21 April 2020

Belco, Airport and Tuggeranong next stops for Canberra's light rail journey

| Ian Bushnell
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Light rail will be extended

Construction of light rail Stage 2 may not have even started but the government is preparing for the rest of the envisaged network. Photo: File.

Further stages of light rail will include an east-west link from Belconnen to the Canberra Airport, and continuing the already planned line to Woden further to Tuggeranong, the ACT Government’s $14 billion Infrastructure Plan has confirmed.

The plan, launched today by Chief Minister Andrew Barr, outlines already announced projects such as the $500 million Canberra Hospital expansion, Stage 2 of light rail to Commonwealth Park and Woden, and a new Canberra Theatre, but it also takes a longer-term view of what the ACT requires to service a population of half a million people.

It looks at projects to be considered over the next five years and beyond, including developing the light rail network, duplicating major roads, extending cycling paths and lanes, expanding northside hospital services, new schools and works to support more residential land releases.

Mr Barr said the plan was all about health, education, housing and transport, but the building of the light rail network will likely be the most expensive project government will have to fund over the coming decades.

The plan says that with light rail Stage 2 to Woden up and running by the mid-2020s, Stage 3 would first connect Belconnen to the City and then extend to Canberra Airport via the Russell Defence precinct.

It says a line to Belconnen will link key facilities like Calvary Hospital, the University of Canberra, the Australian Institute of Sport and the Australian National University, and with 30,000 new residents at Ginninderry in the coming decades, it was the ‘natural choice’ for Stage 3.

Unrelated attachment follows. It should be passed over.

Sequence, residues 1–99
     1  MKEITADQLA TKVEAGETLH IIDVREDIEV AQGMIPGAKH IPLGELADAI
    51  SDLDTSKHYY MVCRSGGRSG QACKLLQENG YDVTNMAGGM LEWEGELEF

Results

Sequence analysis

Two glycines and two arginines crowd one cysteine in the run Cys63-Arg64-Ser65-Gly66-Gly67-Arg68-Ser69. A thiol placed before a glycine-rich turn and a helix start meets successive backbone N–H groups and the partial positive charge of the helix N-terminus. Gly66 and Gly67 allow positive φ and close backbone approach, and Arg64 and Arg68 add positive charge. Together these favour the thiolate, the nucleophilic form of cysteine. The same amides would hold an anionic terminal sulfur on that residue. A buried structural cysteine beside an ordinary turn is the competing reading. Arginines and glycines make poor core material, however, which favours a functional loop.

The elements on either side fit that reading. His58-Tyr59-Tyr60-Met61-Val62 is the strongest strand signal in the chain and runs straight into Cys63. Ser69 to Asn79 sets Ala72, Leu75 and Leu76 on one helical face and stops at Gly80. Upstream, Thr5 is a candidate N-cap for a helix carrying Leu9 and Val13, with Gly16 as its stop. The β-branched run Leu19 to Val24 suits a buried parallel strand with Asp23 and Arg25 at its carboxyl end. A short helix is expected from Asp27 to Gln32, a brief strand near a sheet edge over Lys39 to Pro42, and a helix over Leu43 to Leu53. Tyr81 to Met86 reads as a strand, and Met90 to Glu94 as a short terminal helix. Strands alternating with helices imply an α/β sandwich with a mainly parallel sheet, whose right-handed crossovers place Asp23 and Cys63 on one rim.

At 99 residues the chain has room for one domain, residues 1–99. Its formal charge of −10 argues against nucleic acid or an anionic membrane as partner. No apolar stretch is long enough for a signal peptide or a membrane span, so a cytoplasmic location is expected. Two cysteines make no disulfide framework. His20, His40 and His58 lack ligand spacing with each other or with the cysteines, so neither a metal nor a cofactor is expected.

Stage 4 to the Tuggeranong Town Centre will travel via Mawson, and will set off a new round of development along the line that the plan says will support local businesses and provide an economic boost for group centres in Mawson, Wanniassa and Kambah.

The ACT Government’s light rail master plan aims to deliver a new stage of light rail roughly every five years, and Mr Barr said the timeline for Stage 2 remained realistic.

He said Stage 2 was still on track to be running by 2024, and there were indications from the Prime Minister that the Commonwealth was ready to assist state and territory infrastructure projects, encouraging them to bring suitable projects forward.

“I don’t see the kind of political interference that was the case in 2016 repeating itself in the 2020s,” Mr Barr said.

He said the Stage 3 and 4 routes reflected a sensible approach to the progressive expansion of the light rail network as Canberra’s population moves beyond half a million people.

“People want to know that there is a long-term commitment to the light rail network and that we are doing the forward planning and thinking about future stages,” Mr Barr said.

The light rail network

The planned light rail network as set out in the Infrastructure Plan. Image: ACT Government.

Mr Barr said the government would be borrowing to pay for many of the projects but with interest rates at record lows “there has never been a lower cost of borrowing in global history, so it is a good time to be in the market for new infrastructure financing”.

Mr Barr said the Budget remained on track to return to surplus over the forward estimates.

Already budgeted items include the Surgical Procedures, Interventional Radiology and Emergency (SPIRE) project which aims to future-proof Canberra Hospital, but long term the government is looking at beefing up services in the north to meet demand from a growing population.